The extent of braking power of spring brakes depends on the brakes being adjusted. If the brakes are not adjusted neither the regular brakes nor the emergency/parking brakes will work properly.

Parking brake controls:

In the latest vehicles with air brakes the parking brakes are set using a diamond-shaped, yellow, push-pull control knob. Pulling the knob out sets the parking brakes (spring brakes) and pushing it in releases them. On older vehicles the parking brakes are usually controlled by a lever.

Anti-compound system:

Most vehicles are fitted with an anti-compound system. Thus keeping the brakes from being impaired by the compounded forces of the spring and the air such as in the instance where the driver were to push on the brake pedal with the parking brakes applied.

Modulating control valves:

In selected vehicles a control handle on the dash board may be used to apply the spring brakes progressively. This is known as the modulating valve. This valve is spring loaded, hence, you have a feel for the braking action. The further you move the control lever the harder the spring brakes come on. They are engineered this way, so you can control the spring brakes even if the service brakes fail. When parking a vehicle with a modulating control valve move the lever as far as it will go and hold it in place with the locking device.

Dual air brake systems:

Latest heavy-duty semi trucks use dual air brake systems for added safety. Since a dual air brake system has two separate air brake systems which use a single set of brake controls. Each system has its own air tanks, hoses, lines, etc. The first system is called the primary system and the other is called the secondary system. The primary system normally operates the regular brakes on the rear axle or axles. The secondary system operates the regular brakes on the front axle and possibly one rear axle. Also, both systems supply air to the trailer.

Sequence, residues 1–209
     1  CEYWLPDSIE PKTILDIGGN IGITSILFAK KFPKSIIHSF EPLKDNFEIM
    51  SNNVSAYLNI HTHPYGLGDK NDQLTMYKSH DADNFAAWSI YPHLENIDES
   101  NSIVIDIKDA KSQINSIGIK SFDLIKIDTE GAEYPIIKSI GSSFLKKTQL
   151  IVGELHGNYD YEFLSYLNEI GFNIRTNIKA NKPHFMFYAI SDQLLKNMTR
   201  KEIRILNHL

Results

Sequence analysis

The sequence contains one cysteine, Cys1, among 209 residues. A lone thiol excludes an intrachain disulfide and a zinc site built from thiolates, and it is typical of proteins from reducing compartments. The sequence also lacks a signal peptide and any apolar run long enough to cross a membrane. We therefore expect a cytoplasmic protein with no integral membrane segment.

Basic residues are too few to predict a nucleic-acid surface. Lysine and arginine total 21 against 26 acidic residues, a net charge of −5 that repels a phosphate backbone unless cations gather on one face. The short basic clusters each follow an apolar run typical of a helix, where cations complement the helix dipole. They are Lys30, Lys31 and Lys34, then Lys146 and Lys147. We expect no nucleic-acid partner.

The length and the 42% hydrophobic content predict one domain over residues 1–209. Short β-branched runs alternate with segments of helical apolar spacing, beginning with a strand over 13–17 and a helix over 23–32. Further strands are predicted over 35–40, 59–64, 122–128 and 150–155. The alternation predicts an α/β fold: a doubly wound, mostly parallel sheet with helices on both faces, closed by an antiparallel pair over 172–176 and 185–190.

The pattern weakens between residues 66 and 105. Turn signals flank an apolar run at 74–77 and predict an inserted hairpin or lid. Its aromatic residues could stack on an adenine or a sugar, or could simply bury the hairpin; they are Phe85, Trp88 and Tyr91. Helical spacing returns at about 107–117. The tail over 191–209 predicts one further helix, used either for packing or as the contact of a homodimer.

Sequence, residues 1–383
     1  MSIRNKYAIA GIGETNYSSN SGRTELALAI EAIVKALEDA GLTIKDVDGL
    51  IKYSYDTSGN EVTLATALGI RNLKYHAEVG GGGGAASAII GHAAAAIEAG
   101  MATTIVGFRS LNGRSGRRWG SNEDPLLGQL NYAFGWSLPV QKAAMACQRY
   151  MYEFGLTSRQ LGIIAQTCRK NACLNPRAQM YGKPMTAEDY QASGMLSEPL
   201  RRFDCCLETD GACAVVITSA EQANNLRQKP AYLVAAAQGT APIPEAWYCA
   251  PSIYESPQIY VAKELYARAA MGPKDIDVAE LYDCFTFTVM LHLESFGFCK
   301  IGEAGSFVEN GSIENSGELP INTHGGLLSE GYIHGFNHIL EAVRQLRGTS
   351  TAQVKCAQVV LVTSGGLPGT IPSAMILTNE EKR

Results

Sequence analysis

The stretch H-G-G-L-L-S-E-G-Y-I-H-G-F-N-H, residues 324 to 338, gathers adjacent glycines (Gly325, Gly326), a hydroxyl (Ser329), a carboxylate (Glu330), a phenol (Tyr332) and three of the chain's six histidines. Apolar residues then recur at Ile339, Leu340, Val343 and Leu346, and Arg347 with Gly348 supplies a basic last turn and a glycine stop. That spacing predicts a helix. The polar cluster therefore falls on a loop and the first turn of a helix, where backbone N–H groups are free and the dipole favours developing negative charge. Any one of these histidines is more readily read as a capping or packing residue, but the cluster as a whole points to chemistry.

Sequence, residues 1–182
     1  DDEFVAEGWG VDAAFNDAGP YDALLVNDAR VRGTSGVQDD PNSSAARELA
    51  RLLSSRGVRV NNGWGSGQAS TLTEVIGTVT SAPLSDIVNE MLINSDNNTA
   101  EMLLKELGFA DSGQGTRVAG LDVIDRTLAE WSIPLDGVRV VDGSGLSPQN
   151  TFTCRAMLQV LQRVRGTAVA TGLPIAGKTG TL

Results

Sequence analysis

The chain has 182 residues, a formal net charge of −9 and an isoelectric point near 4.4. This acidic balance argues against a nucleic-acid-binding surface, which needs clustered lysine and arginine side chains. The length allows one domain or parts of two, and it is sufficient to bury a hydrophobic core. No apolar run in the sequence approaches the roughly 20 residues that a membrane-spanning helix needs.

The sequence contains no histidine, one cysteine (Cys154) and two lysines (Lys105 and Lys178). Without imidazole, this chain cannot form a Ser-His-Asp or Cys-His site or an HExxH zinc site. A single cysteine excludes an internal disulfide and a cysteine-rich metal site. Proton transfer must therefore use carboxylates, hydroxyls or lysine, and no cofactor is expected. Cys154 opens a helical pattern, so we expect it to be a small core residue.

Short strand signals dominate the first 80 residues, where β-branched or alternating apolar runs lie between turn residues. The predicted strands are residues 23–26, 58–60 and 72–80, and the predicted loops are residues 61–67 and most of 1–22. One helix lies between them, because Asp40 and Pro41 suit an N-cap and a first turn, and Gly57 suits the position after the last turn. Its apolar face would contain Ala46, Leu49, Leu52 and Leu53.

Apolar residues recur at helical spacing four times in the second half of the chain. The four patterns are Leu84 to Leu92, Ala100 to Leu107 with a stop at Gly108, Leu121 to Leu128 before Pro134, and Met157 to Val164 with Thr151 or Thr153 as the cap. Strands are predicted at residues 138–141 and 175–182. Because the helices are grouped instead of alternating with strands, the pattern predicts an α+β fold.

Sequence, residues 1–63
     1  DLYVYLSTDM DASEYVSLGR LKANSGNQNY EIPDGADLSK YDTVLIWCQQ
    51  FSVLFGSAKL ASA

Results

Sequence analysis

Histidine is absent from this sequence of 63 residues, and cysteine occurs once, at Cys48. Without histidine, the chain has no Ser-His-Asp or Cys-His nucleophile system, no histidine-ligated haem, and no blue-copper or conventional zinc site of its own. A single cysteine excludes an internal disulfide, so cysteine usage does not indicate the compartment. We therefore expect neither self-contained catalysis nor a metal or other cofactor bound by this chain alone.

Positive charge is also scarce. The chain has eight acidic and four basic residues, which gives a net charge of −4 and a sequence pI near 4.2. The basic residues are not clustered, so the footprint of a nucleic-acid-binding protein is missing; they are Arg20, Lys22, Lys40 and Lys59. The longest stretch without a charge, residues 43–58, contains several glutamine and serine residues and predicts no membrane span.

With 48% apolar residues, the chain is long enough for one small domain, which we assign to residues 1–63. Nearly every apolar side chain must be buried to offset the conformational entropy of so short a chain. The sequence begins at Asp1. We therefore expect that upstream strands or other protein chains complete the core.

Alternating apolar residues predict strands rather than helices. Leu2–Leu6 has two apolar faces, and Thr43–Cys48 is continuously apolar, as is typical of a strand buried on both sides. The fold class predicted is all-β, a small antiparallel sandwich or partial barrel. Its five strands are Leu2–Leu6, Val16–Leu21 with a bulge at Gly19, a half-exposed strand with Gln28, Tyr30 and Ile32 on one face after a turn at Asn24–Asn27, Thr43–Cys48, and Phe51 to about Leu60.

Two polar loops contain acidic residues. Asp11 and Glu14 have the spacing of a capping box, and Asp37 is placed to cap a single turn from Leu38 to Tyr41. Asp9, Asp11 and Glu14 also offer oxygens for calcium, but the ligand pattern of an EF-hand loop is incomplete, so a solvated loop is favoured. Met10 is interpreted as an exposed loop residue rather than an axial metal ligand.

Before driving a vehicle with a dual air system, allow time for the air compressor to build up a minimum of 100 psi (690 kPa) pressure in both the primary and secondary systems. Watch the primary and secondary air pressure gauges. The low air pressure warning light and buzzer should shut off when air pressure in both systems rises to a value set by the manufacturer. This value must be greater than 60 psi or 410 kPa. The warning system devices should come on before the air pressure drops below 60 psi in either system. If one air system is very low on pressure, either the front or the rear brakes will not be operating fully. This means it will take you longer to stop. Bring the vehicle to a safe stop and have the air brake system fixed.

Combination vehicle air brakes:

Fondly referred to as the trolley valve or Johnson bar; the trailer hand valve works the trailer brakes. The trailer hand valve is used only to test the trailer brakes. It is however not used in driving because of the application poses the risk of danger resulting in making the trailer skid. The foot brake sends air to all of the brakes on the vehicle including the trailers. There is much less danger of causing a skid or jackknife when using just the foot brake.

Tractor protection valve:

If the trailer breaks away or develops a bad leak the tractor protection valve keeps air in the tractor or truck. It is controlled by the trailer air supply control valve in the cab. The control valve allows to open and shut the tractor protection valve. It will close automatically if air pressure is low which is in the range of 20 to 45 psi or 140 to 310 kPa. When the valve closes it stops any air from being lost and lets the air out of the trailer emergency line which causes the trailer emergency brakes to come on.